Skip to main content

Sprint’s 5G network is here, and it’s completely different from what Verizon and AT&T are doing

Sprint’s 5G network is here, and it’s completely different from what Verizon and AT&T are doing


The LG V50 and HTC 5G Hub go on sale May 31st

Share this story

If you buy something from a Verge link, Vox Media may earn a commission. See our ethics statement.

Illustration by Alex Castro / The Verge

Sprint is launching its 5G network in Atlanta, Dallas, Houston, and Kansas City today, becoming the third major US operator to kick off the next era of mobile data. “This is probably going to be the largest initial 5G launch in terms of coverage and footprint,” Sprint CTO John Saw told reporters gathered in Dallas this morning. In this particular city, Sprint’s 5G launch footprint covers 575 square miles and approximately 1.6 million people. “This is just the beginning,” Saw said. Sprint is offering up a coverage map of where customers can expect 5G signal at launch, something that its competitors haven’t yet done.

But for Sprint, 5G is about a lot more than coverage: it’s about dependability. Rivals Verizon and AT&T have concentrated their launch 5G efforts on millimeter-wave technology, which delivers truly next-level data speeds that can exceed 1Gbps — but with the trade-off of extremely spotty coverage.

In Verizon’s case, coverage is strong when you’re in close proximity to one of its 5G nodes, but quickly drops off as you move away and disappears entirely once the node is out of sight. Indoor coverage is also essentially nonexistent, with Verizon falling back to LTE speeds since windows and walls are enough to defeat millimeter wave. Sprint executives today described Verizon’s current setup as a “hotspot 5G network,” which is a pretty brutal burn.

Sprint has a different 5G approach than Verizon and AT&T

By contrast, Sprint is using what it calls “split mode” to allow devices to combine 5G NR and LTE Advanced for faster download speeds and, more importantly, 5G coverage that’s somewhat consistent. Sprint isn’t relying on the same high-frequency millimeter-wave tech as Verizon and AT&T at the moment. Instead, it’s building 5G on top of its mid-band 2.5GHz wireless spectrum. According to Saw, Sprint’s antennas in 5G markets are divided with dedicated LTE and 5G resources. “We are not sharing spectrum. We’re not stealing bandwidth from LTE users, and you don’t see a slowdown in 5G just because LTE customers are using a lot of data.” Saw insists this is something that isn’t possible with millimeter wave alone. “I think we’re the only operator in the US that’s able to launch our 5G network to have the exact same coverage as LTE, right on top of each other.”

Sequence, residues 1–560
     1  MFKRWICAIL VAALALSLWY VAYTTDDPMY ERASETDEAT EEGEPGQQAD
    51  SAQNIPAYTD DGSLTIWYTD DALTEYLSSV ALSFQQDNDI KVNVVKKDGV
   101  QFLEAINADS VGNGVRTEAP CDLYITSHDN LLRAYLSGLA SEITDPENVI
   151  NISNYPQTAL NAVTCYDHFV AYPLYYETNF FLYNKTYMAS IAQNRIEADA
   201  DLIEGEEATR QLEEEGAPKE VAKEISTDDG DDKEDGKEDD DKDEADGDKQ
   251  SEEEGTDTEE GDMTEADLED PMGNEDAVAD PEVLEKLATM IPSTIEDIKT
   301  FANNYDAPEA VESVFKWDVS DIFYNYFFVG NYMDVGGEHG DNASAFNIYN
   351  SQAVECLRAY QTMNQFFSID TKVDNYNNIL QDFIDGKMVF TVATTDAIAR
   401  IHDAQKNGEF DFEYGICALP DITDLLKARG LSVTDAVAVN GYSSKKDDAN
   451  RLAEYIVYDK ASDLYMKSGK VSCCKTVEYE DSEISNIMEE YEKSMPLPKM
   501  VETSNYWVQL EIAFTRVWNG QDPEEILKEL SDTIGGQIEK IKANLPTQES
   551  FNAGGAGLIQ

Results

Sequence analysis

But how fast is it? Sprint’s promise is up to five times faster than LTE. “We’re trying to set the right expectations,” said Saw. “You should see more than 100Mbps when you’re driving around.” Sprint drove media around for a short two-mile bus trip to demonstrate mobile speeds. The new LG V50 indeed remained above that 100Mbps mark throughout the test, and it never dropped Sprint’s 5G network during the drive. Peak speeds hit between 500Mbps and 600Mbps when we stopped and were stationary. But Sprint is definitely being conservative in its guidance and reiterating that this is day one and improvements will come early and often.